15. The illumination device according to claim 9, wherein said material which does not readily reflect light comprises at least one of black and gray colored printing.
16. The illumination device according to claim 1, wherein said light source comprises a blue LED and a YAG fluorescent substance provided around said blue LED.
17. A liquid crystal device, comprising:
an illumination device which generates light in a planar manner; and
a liquid crystal panel provided facing the light emitting face of said illumination device,
wherein said illumination device comprises the illumination device according to claim 1.
18. An electronic apparatus, comprising:
a liquid crystal device comprising a liquid crystal layer;
a housing for storing said liquid crystal device; and
a control means for controlling the operations of said liquid crystal device,
wherein said liquid crystal device comprises the liquid crystal device according to claim 17.
19. The illumination device according to claim 3, wherein a width of said prism faces is generally equal over an entire area of said light guide member in the thickness direction.
20. The illumination device according to claim 4, wherein a width of said prism faces is generally equal over an entire area of said light guide member in the thickness direction.
21. The illumination device according to either claim 10, wherein said material which does not readily reflect light is provided over a wider range than an optical directivity range of said light source.
22. The illumination device according to claim 10, wherein said material which does not readily reflect light comprises at least one of light absorbing material, light diffusing material, and light transmitting material.
23. The illumination device according to claim 10, wherein said material which does not readily reflect light comprises at least one of black and gray colored printing.
24. An illumination device, comprising:
a light source for generating light; and
a light guide member wherein light from said light source is received at a light input face and emitted from a light emitting face,
wherein said light input face includes a continuous optical pattern of prism faces and flat faces, and wherein said light source comprises a blue LED and a YAG fluorescent substance provided around said blue LED.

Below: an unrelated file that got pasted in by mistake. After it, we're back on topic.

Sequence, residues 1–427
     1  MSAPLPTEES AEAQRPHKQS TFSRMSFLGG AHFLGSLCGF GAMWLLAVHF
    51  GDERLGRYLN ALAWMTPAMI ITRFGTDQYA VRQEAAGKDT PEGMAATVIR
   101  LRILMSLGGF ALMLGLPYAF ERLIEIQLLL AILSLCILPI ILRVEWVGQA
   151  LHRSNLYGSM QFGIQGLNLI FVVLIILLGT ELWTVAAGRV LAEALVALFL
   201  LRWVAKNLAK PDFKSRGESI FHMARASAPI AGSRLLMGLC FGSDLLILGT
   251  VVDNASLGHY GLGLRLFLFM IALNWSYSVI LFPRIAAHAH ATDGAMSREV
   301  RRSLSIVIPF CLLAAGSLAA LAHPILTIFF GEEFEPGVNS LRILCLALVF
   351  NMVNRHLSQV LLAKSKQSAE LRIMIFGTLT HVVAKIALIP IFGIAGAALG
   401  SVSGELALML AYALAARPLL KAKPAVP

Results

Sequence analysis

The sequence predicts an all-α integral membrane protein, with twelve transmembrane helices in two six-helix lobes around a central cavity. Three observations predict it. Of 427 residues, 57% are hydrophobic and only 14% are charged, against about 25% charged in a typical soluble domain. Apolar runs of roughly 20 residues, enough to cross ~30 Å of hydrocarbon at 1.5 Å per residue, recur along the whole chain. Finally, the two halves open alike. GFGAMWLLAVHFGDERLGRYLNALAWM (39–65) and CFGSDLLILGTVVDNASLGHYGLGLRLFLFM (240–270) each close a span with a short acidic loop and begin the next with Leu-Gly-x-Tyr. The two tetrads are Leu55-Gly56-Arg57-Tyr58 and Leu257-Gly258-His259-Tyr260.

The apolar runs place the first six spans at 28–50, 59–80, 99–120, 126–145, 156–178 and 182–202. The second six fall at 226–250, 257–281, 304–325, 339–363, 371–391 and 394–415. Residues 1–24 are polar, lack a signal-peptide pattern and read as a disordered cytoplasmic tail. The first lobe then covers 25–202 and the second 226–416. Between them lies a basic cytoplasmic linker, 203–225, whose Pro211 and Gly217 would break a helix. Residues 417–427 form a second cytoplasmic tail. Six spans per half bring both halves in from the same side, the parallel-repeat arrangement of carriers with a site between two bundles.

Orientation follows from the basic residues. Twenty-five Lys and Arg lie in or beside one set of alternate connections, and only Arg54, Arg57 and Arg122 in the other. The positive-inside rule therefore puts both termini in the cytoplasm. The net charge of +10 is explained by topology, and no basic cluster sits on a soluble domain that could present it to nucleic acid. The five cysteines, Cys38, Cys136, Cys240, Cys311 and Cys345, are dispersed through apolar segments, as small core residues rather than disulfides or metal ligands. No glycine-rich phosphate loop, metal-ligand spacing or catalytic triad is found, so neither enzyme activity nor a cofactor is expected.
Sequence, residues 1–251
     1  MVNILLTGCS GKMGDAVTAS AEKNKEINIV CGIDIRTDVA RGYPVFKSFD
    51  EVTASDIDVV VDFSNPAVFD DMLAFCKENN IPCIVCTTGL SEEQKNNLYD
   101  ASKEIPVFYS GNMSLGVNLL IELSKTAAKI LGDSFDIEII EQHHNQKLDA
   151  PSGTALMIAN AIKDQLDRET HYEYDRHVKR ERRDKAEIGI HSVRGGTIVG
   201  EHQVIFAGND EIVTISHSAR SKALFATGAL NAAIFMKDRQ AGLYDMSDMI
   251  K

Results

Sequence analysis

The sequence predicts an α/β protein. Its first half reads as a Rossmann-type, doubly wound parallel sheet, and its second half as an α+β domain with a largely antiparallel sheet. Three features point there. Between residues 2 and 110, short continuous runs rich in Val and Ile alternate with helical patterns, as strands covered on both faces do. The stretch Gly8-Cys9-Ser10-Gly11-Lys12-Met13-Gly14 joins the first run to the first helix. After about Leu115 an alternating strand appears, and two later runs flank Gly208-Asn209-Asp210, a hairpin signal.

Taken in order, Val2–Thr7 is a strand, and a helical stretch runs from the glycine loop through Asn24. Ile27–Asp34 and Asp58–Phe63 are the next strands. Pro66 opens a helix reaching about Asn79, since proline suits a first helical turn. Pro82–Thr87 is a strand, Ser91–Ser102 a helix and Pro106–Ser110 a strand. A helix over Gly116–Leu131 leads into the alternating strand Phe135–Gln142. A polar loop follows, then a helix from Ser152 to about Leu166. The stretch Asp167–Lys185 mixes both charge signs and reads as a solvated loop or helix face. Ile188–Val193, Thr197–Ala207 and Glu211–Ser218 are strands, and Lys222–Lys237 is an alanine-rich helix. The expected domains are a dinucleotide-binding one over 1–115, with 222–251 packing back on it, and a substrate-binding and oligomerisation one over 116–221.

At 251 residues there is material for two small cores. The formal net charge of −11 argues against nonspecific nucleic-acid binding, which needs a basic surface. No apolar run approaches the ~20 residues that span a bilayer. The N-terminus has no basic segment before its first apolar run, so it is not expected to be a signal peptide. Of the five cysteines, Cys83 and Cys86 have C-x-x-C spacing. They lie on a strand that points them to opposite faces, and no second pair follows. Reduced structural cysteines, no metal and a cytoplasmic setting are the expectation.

Description
BACKGROUND OF THE INVENTION

1. Technical Field of the Invention

The present invention relates to an illumination device for generating light, a liquid crystal device configured using the illumination device, and an electronic apparatus configured using the liquid crystal device.

2. Description of the Related Art

Currently, liquid crystal devices are widely used in cellular phones, portable information terminals, digital cameras, video camcorders, and other such electronic equipment. In many cases, the liquid crystal devices are used as display units for displaying images such as characters, numbers, shapes, and so forth.

Generally, with liquid crystal devices, the orientation of liquid crystal molecules within the liquid crystal layer is controlled for each display dot by controlling the voltage applied to the liquid crystal for each display dot.

The light passing through the liquid crystal layer is modulated by the orientation control of the liquid crystal molecules, thus displaying images such as characters or the like.

Note that display dots are a great number of the smallest display unit making up the effective display area of a liquid crystal panel, and in the event of performing full-color display by mixing the three primary colors of red (R), green (G), and blue (B), for example, one display unit for each color is a display dot, and the display dots of the three colors collectively form one pixel. Also, in the event of monochrome display, one display unit is a display dot, and the display dot itself makes up one pixel.

There are two types of the above-described liquid crystal device, reflective liquid crystal devices and transmissive liquid crystal devices, depending on how light is supplied to the liquid crystal layer. Reflective liquid crystal devices supply external light such as sunlight or room light or the like to the liquid crystal layer by reflecting the light behind the liquid crystal layer.

Transmissive liquid crystal devices have an illumination device disposed behind the liquid crystal layer, and supply light generated at the illumination device to the liquid crystal layer. Also, currently, so-called transflective liquid crystal devices are known, which use both the reflective display method and the transmissive display method.

An example of a conventional illumination device is an illumination device shown in FIG. 11(a), comprising one or multiple point-shaped light sources 152 facing the light input face 151 a of a light guide plate 151, which has a plate shape with the plate thickness direction in the vertical direction of the drawing. With this illumination device, the light emitted in point fashion from the light sources 152 passes through the light input face 151 a and is guided into the light guide plate 151, and then emitted in plane form from the light emitting face 151 b of the light guide member 151 (see Japanese Laid-Open Patent Application Publication No. Hei10-260404 (Page 3, FIG. 1), for example).